While data lakes have garnered excitement for their storage capabilities, they have not come without their critiques. When considering this data repository, organizations should be aware of the part of the discussion that questions this type of solution. We'll list the top three here before addressing how these challenges can be avoided and the most insights gained in the following section.
1. The lake is expansive
The large capacity of storage potential of data lakes brings intrigue, but it can also instill fear of a vast source where masses of information will stream in, "sink to the bottom" and be forgotten. We'll discuss how to avoid this risk in the following section.
2. Data quality can vary
Related to volume capacity once again, questions have been raised about the quality of information from a data repository that can hold so much unprocessed data. What if the waters holding business-critical information become murky with all the other information? Once again, we address how to avoid this next section.
3. Questions around security
While the governance and security of data warehouses is trusted, there are concerns around these factors for data lakes. Since the latter repository is newer, there is worry that backing up content into this source can leave organizations' information vulnerable.
Gaining the most value from data lakes for your information management
Those three common critiques around data lakes are important to consider: organizations need to be extremely mindful where they are streaming and storing their information, or they can find themselves with a data swamp repository that is not well protected or providing them with additional value. Not the crystal blue waters one would hope for.
This enforces just how critical it is to select a solution that will not only help organizations store and manage their information, but provide clarity for improving business processes.
How to ensure this? Storing information in a data lake that is intelligent. A data lake repository like Collabspace stands apart because it implements artificial intelligence to automatically stream and categorize content from systems without impacting use or operation.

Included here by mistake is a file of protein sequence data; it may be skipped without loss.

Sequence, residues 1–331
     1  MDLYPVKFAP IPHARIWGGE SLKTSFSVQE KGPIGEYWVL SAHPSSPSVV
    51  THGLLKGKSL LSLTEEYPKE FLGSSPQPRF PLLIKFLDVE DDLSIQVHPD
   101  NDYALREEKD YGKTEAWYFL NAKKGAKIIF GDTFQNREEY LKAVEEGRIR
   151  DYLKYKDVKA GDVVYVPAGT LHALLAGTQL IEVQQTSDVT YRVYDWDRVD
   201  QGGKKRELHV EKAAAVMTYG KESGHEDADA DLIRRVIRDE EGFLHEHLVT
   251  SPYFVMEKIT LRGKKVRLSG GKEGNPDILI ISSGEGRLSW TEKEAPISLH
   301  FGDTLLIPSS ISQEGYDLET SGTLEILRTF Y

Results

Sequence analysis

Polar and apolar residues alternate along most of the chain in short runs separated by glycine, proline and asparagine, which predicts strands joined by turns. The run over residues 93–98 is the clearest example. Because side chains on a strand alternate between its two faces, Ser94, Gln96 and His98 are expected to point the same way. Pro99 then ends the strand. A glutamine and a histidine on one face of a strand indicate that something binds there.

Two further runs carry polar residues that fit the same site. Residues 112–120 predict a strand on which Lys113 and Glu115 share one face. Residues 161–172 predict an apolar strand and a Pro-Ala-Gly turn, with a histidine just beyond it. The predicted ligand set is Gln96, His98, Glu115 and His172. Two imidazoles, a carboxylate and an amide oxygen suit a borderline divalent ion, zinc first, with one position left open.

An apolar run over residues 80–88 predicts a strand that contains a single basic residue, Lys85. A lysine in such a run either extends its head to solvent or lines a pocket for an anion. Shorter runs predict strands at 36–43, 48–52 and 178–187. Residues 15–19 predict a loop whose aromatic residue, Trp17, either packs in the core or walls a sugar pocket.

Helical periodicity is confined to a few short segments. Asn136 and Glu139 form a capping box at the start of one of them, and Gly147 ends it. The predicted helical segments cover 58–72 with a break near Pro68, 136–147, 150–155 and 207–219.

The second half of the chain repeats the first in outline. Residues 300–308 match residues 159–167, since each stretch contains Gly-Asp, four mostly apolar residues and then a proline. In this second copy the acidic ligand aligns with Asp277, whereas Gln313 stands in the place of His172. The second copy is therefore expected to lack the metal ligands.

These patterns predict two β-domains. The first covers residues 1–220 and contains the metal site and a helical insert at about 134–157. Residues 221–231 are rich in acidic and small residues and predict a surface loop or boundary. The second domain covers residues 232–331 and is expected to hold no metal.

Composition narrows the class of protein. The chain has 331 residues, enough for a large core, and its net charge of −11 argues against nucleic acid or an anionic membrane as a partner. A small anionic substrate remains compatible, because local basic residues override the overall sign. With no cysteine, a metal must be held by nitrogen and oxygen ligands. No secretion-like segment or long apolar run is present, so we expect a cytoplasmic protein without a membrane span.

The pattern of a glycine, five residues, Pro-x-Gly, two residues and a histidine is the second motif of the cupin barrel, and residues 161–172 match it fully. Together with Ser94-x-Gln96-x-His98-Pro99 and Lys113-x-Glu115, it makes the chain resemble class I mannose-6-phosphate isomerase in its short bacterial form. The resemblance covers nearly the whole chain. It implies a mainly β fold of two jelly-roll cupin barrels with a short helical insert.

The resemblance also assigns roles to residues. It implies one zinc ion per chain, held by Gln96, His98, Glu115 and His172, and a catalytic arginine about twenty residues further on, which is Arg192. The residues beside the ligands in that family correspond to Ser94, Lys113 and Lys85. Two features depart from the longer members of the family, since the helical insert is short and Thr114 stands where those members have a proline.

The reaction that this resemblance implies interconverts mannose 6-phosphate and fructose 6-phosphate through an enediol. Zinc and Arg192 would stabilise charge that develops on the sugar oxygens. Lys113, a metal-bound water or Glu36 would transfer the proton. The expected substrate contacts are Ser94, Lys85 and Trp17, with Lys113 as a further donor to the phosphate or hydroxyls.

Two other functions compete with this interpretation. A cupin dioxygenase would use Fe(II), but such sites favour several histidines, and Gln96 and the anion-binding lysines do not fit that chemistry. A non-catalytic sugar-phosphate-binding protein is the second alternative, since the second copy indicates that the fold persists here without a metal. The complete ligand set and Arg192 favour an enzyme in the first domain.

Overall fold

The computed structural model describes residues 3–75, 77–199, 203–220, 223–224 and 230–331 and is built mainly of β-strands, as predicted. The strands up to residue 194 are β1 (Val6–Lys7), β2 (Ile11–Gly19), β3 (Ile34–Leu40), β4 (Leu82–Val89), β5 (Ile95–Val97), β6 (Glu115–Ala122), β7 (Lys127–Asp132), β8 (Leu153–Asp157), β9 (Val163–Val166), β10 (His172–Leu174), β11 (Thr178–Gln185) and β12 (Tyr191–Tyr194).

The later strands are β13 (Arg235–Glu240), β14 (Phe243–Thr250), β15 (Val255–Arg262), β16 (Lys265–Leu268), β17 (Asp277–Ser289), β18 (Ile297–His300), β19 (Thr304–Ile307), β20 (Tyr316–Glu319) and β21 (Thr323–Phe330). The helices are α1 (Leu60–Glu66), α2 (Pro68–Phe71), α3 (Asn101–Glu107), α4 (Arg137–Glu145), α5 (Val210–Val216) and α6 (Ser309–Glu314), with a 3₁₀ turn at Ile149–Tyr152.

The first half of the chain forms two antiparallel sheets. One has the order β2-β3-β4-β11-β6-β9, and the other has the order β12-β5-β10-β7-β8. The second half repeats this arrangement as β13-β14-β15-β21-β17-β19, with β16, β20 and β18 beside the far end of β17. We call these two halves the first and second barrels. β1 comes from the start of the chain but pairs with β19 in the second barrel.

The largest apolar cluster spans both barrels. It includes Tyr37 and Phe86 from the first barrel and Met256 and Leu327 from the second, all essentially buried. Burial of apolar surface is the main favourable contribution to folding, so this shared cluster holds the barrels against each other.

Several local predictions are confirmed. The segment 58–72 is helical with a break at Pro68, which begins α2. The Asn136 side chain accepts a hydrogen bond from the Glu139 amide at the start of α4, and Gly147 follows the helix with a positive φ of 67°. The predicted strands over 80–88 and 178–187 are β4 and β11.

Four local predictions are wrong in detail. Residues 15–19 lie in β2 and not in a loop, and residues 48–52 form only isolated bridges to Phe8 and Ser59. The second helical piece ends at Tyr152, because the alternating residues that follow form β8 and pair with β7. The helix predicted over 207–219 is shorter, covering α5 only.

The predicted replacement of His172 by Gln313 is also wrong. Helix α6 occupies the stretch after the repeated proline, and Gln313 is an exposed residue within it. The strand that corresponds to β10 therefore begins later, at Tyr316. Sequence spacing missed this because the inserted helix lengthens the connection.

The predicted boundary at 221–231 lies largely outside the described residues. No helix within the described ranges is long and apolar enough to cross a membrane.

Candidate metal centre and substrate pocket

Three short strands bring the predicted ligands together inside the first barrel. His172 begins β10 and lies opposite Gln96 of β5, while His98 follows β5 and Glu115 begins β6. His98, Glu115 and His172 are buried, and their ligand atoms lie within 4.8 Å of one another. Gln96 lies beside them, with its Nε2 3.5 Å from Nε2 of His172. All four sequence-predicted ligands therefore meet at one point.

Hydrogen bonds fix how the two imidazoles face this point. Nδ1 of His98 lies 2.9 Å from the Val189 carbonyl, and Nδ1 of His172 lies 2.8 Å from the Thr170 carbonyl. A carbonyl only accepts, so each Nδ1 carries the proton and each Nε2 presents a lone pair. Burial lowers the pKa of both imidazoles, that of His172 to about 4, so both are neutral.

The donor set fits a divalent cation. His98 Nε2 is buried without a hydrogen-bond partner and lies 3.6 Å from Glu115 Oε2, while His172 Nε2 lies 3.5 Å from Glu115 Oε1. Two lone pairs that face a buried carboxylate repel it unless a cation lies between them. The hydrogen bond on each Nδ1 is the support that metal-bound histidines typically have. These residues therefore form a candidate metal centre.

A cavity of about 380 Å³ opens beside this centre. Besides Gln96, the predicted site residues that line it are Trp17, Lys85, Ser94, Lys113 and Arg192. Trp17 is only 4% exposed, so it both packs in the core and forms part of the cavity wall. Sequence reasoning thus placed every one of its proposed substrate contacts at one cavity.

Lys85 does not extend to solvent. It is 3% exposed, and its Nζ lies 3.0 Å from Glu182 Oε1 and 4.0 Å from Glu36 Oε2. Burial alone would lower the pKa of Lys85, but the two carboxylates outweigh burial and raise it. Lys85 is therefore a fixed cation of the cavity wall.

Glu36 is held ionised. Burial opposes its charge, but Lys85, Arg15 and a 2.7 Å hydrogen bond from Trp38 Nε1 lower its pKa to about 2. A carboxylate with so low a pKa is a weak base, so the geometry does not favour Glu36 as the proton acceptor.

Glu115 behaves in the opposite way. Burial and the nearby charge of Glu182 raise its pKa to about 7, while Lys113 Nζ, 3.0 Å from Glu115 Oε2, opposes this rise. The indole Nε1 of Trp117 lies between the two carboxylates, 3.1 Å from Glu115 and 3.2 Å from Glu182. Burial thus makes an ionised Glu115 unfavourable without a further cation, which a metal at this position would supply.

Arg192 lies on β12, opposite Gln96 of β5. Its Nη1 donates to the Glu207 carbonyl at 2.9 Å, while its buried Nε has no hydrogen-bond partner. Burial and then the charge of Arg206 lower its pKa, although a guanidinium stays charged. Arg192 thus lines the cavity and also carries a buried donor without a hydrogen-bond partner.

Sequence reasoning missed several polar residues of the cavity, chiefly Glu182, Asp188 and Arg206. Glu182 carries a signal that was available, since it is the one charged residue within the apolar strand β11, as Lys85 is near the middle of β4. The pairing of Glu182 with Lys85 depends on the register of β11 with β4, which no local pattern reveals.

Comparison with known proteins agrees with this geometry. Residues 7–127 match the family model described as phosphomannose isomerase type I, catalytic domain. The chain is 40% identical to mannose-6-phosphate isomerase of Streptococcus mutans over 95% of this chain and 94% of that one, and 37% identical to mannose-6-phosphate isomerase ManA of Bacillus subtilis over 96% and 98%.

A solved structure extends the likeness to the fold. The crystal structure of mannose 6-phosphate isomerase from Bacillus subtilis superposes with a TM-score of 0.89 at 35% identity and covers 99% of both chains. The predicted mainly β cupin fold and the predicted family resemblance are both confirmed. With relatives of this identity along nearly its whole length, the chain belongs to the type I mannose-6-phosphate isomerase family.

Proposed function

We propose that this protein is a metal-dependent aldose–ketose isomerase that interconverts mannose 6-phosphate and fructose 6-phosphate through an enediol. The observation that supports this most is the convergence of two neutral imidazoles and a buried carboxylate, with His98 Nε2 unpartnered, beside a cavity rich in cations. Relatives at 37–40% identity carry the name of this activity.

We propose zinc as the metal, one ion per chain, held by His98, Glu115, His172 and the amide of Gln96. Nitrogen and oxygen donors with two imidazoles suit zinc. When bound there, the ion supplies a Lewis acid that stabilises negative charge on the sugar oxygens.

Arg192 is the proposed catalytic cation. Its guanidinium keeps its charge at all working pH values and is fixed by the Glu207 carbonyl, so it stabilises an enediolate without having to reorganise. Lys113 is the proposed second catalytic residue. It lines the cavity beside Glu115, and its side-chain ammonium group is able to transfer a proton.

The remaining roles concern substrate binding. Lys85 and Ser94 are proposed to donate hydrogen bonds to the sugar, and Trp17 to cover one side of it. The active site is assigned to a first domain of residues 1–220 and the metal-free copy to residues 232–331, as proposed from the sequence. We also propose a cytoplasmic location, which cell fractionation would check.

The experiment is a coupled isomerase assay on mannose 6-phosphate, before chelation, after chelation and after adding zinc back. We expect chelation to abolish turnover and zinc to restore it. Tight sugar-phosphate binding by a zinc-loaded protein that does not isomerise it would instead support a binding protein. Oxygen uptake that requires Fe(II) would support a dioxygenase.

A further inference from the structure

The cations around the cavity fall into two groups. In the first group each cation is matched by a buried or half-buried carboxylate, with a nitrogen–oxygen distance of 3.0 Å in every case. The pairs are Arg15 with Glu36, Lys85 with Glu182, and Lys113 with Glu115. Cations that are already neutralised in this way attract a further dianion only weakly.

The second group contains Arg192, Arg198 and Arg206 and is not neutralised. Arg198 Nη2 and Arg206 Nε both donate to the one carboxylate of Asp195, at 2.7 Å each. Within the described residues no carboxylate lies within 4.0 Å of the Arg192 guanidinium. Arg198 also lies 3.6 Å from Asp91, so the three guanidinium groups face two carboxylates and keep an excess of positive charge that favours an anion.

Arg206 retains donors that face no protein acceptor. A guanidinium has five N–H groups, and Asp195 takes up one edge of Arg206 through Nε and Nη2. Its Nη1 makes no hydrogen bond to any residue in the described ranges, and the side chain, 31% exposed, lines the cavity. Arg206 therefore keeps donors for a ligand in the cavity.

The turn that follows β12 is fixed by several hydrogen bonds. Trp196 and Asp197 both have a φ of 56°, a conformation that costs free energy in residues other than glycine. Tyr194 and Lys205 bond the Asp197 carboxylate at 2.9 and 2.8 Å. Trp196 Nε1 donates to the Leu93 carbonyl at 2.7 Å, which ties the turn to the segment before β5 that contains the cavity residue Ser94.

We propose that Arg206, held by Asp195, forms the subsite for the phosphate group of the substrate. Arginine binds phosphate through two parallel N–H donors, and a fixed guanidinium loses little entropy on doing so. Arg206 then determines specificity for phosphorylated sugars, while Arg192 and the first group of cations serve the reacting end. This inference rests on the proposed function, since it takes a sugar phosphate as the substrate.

Collabspace has basic data lake capabilities, enabling information retention and protection with compliant archive and backup into a ransomware-proof, Write Once Read Many (WORM) compliant storage system. But it is the AI compute (such as deeper search and analytics features) that ensure visibility and avoids staff interruption to unlock new insights and data intelligence for improved records management and overall business processes.
The data lake is a storage repository that offers a lot of potential to organizations with its ability to hold large volumes of all types of data. This ability should be taken seriously to avoid a data swamp of old information that has been streamed and forgotten. The best way to get the most value from this repository type is selecting a solution where the stream flows both ways: organization's data is streamed in to centralize, backup and secure from one central hub, while application of AI allows for an outflow of visibility and business insights (we've got a free white paper about achieving data intelligence, if you're curious!).
Curious to learn more? We outline overall business values of the data lake in another article. For specifics around how Collabspace data lake capabilities can bring information clarity, visibility, and insights to your organization, contact us or access our free information pack below: